Introduction to Music Photography

Written by Emily Mathison - Aug 14, 2020

Music photography may seem like a simple task…all you do is point and shoot, right? To be fair, yes you do point and shoot, as with any other kind of photography, but there is so much detail involved in music photography. If you have ever been to a gig or a concert, you have probably noticed that a lot of the time, there is not a consistent light source, the singer or band is not going to stay still for very long, there is fog being blown around…these are all things music photographers have to consider and contend with. So, if you want to be a successful music photographer, it is paramount that you pick your gear wisely, and that you know how to use it. In this blog, I’ll be running you through some tips that help you when it comes to figuring out gear to use, as well as some camera settings that will get you headed in the right direction.

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There is a lot to think about when you are shooting a concert or a festival for the first time. If you are a photographer looking to take the plunge, you’ll probably already have suitable gear (as long as you have a wide aperture lens), and you’ll most likely have a little bit of knowledge about shooting settings for low-light environments. But if you’re total newbie to photography, your first few times shooting a gig will be quite overwhelming (the first time I ever used a camera was at a gig, so don’t worry if you’re feeling a little flustered, we’ve all been there). There is so much that you will pick up from talking to other photographers around you and by just experimenting with the camera settings.

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In terms of basic settings, you want to crank up your ISO, you want to be shooting with a wide aperture (generally around f/2.8 or wider) and you’ll want a pretty fast shutter speed (musicians seem to move a lot quicker when you’re a foot away from them). Take advantage of continuous shooting and autofocus, and when you can, track your subject across the stage. One of the biggest rules in music photography is that you can’t use a flash, so you really need to make sure before the band hits the stage that you have your settings sorted for the lighting situation. There is a lot to think about, but with the right gear in hand, you’ll capture some once in a lifetime images.

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Since there are so many technological advancements in the photography world now, the majority of DSLR and Mirrorless cameras boast the features you need for music photography, so if you’re a beginner, there’s no need to spend a bomb on your gear. The first camera I had was a Nikon D3500, which is a base model DSLR, but you know what, it more than did the job. I shot countless gigs and festivals with this one and it never missed a beat. Teamed with a Nikkor 35mm f/1.8 Lens, it was an ideal combo for a beginner. As I started shooting more, I added to my kit, and upgraded to a Nikon D7500. I also now have a Tamron 70-200mm f/2.8 and a Tamron 17-50mm F/2.8 XR D.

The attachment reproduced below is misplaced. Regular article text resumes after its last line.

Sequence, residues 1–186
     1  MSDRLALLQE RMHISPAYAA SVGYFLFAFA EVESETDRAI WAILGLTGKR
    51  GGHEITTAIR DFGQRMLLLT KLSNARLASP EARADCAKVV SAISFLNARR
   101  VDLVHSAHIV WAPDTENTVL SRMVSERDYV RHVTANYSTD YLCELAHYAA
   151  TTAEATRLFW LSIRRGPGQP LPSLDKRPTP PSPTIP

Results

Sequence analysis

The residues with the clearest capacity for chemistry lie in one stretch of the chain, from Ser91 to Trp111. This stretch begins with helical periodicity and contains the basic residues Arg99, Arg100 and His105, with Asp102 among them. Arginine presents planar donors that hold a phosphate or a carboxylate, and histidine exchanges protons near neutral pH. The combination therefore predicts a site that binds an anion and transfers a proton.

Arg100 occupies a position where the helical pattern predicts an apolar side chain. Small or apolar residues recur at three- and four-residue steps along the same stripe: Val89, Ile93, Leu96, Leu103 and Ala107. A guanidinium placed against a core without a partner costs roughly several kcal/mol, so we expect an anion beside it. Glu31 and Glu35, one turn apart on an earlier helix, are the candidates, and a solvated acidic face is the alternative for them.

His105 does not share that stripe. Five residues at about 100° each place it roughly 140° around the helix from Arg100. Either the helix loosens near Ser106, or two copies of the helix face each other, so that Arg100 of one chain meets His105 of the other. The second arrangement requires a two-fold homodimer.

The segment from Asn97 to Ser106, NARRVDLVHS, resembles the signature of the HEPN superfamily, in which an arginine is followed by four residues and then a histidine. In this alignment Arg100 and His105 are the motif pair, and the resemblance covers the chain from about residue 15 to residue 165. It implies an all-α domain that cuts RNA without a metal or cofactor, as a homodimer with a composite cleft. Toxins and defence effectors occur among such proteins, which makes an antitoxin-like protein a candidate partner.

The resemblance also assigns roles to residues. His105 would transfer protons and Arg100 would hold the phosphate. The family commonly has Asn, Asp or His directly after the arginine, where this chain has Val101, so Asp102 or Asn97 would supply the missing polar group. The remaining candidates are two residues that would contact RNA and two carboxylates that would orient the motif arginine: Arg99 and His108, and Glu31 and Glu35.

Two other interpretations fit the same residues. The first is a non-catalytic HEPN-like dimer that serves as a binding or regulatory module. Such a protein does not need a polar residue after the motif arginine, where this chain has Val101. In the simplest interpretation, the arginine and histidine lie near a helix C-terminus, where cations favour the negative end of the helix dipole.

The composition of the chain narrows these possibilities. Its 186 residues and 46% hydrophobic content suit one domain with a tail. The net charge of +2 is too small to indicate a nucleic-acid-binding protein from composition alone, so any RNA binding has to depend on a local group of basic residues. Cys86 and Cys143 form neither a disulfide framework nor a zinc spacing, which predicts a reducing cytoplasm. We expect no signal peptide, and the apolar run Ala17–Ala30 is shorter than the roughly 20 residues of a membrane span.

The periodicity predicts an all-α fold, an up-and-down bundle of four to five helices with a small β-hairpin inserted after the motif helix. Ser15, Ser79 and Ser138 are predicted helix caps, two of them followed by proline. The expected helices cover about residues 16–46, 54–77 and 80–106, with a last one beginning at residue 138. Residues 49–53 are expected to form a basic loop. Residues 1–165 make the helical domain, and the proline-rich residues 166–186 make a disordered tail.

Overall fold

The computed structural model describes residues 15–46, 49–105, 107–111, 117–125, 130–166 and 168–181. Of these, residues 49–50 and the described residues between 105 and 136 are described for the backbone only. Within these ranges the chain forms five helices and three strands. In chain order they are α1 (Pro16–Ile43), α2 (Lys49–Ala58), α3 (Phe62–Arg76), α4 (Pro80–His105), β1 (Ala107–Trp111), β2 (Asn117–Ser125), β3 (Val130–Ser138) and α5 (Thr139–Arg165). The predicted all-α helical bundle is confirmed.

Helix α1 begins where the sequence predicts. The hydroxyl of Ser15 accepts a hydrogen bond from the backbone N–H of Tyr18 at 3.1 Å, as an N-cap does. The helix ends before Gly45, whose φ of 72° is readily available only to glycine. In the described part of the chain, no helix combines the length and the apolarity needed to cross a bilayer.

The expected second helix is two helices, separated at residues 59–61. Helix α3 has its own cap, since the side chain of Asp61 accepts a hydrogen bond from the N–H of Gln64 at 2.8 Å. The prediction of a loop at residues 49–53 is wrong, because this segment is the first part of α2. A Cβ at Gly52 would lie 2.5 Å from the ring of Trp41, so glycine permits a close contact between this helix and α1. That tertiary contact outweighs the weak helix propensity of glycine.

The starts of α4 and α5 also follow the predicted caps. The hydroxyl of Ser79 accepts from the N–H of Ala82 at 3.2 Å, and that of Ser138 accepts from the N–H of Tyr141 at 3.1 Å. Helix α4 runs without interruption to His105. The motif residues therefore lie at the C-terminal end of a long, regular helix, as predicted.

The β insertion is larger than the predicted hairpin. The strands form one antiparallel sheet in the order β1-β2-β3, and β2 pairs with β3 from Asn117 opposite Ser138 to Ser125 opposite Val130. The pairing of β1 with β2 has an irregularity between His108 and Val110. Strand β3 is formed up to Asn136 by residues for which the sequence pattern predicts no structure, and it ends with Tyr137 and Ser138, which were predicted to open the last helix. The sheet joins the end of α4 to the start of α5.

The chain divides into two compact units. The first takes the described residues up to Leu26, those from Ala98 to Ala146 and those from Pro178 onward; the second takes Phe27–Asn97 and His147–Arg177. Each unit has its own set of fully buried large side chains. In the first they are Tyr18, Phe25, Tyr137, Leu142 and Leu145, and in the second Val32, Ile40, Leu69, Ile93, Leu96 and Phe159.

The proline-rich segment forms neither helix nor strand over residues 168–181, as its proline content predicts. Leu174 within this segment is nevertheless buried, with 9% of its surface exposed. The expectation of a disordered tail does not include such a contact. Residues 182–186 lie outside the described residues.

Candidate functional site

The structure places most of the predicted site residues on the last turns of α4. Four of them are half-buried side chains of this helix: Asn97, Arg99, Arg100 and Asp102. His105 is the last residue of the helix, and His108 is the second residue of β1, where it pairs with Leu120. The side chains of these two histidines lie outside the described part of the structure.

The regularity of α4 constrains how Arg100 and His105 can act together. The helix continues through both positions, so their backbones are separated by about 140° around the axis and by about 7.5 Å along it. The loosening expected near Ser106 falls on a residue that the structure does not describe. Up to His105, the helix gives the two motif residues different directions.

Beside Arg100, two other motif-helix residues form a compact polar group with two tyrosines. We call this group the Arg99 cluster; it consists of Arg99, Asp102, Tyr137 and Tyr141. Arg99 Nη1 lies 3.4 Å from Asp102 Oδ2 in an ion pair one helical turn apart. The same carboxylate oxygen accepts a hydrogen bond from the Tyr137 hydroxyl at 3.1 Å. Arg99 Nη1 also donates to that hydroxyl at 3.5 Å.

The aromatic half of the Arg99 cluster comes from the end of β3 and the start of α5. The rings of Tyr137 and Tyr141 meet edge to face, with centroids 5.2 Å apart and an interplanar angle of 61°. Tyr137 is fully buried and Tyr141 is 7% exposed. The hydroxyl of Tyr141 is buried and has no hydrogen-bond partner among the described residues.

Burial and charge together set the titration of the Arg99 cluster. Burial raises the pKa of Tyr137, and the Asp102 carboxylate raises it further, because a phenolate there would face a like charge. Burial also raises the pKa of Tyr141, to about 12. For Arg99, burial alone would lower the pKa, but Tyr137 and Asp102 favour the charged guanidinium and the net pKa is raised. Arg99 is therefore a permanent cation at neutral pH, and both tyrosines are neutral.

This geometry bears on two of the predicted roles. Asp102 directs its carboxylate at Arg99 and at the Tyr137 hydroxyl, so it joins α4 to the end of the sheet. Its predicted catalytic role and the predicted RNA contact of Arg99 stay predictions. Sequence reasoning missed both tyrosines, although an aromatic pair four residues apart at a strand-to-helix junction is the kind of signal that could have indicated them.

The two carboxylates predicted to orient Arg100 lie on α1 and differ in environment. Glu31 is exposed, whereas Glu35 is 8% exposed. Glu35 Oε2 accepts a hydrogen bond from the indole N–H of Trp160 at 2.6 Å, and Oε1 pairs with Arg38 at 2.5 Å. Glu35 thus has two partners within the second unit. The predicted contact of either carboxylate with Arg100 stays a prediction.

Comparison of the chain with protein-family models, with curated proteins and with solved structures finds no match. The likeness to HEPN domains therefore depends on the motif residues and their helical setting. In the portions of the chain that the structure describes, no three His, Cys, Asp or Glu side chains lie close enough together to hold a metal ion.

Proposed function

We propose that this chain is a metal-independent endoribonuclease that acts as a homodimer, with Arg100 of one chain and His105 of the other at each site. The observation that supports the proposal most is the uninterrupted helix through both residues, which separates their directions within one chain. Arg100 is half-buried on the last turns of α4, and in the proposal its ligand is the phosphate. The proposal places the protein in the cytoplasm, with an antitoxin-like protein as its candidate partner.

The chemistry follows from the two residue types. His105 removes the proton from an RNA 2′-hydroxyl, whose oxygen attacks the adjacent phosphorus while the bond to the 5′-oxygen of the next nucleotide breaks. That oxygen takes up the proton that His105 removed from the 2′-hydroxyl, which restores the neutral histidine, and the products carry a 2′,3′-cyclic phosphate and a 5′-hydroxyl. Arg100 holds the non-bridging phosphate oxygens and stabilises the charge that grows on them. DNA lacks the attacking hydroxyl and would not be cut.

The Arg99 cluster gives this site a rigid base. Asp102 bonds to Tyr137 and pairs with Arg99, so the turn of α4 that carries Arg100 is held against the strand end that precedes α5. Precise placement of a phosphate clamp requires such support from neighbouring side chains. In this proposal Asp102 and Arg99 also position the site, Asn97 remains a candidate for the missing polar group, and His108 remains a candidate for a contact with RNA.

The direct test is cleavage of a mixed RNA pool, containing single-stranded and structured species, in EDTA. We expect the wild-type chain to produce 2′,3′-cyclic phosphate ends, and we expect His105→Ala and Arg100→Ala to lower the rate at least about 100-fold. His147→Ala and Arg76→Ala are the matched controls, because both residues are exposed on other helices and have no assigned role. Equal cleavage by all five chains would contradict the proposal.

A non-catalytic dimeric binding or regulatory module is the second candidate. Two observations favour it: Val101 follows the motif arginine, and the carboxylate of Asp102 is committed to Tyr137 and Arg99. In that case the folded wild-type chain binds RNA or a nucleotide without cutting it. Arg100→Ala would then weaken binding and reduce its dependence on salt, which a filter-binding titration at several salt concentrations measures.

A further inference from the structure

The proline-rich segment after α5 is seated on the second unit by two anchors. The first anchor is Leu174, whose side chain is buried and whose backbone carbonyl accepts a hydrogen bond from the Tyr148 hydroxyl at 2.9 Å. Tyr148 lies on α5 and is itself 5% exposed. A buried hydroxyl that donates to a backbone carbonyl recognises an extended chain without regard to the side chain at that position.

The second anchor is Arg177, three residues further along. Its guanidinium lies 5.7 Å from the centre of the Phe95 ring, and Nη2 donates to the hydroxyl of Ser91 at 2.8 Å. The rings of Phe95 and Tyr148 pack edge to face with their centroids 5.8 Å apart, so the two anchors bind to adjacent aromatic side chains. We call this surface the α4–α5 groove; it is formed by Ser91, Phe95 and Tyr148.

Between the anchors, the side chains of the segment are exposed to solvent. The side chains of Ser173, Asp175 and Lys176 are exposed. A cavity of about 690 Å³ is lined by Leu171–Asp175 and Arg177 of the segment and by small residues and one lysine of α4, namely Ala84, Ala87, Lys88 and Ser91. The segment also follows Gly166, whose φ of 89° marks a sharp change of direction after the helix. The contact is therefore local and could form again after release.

When it comes to choosing a lens, this is just as important as the camera. Due to the general low light of concerts, it is imperative you invest in a lens with a wide aperture. A lens with an aperture of f/1.4, f/1.8 and f/2.8 will best be your best bet, allowing you to capture vivid colours in low light scenes with minimal noise. Depending on what camera brand you shoot with will essentially determine what lens options you have, but also remember that third party brands like Tamron and Sigma have a huge variety of high-quality lenses too.

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If you are just starting out in photography and are looking at buying one lens for now, I would suggest a multi-focal length lens. One of lenses in my kit is the Tamron 17-50mm F/2.8 Lens, which offers a huge zoom variety. I say this because the stage height at concerts and festivals varies so much. I have been shooting at festivals where the stage is so high that I can barely see over it from in the photographers pit, so it came in super handy to be able to zoom in to capture the action. It also simply gives you the option to play around with focal lengths without changing lenses, allowing you to capture full body shots as well as close portrait style images.

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Just a little side note here as well, before you step into the pit, you are going to want to make sure you have a lens filter on. I can’t even count the amount of times I have been drenched in a flying drink that is making its way to the stage or had beads of the singers sweat dripping down onto me (yes, you do get up very close and personal in music photography), so having a filter on just adds protection to the front element of your lens.

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I know it sounds like a lot, but as with anything, the more you practice the easier it will get. The main thing is to have fun with it, play around with your settings and be confident that you can get ‘the shot’.

If you’ve got any music photography shots you want to share with us, don’t hesitate to reach out to us on socials or tag us in your work. You can find us on Instagram and Twitter at @dcwarehouse, and Digital Camera Warehouse on Facebook.